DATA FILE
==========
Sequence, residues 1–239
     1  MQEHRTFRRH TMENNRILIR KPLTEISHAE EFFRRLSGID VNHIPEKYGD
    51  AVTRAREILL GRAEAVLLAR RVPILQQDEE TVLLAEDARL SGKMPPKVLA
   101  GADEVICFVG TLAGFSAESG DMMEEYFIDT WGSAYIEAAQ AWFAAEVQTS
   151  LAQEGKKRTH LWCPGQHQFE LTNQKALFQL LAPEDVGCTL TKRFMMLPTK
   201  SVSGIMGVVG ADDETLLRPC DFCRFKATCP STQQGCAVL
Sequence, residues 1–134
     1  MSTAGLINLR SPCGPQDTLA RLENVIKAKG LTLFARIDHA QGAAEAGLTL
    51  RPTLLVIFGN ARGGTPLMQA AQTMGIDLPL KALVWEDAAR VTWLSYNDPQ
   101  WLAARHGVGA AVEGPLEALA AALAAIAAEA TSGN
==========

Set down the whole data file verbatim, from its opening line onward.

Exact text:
Sequence, residues 1–239
     1  MQEHRTFRRH TMENNRILIR KPLTEISHAE EFFRRLSGID VNHIPEKYGD
    51  AVTRAREILL GRAEAVLLAR RVPILQQDEE TVLLAEDARL SGKMPPKVLA
   101  GADEVICFVG TLAGFSAESG DMMEEYFIDT WGSAYIEAAQ AWFAAEVQTS
   151  LAQEGKKRTH LWCPGQHQFE LTNQKALFQL LAPEDVGCTL TKRFMMLPTK
   201  SVSGIMGVVG ADDETLLRPC DFCRFKATCP STQQGCAVL
Sequence, residues 1–134
     1  MSTAGLINLR SPCGPQDTLA RLENVIKAKG LTLFARIDHA QGAAEAGLTL
    51  RPTLLVIFGN ARGGTPLMQA AQTMGIDLPL KALVWEDAAR VTWLSYNDPQ
   101  WLAARHGVGA AVEGPLEALA AALAAIAAEA TSGN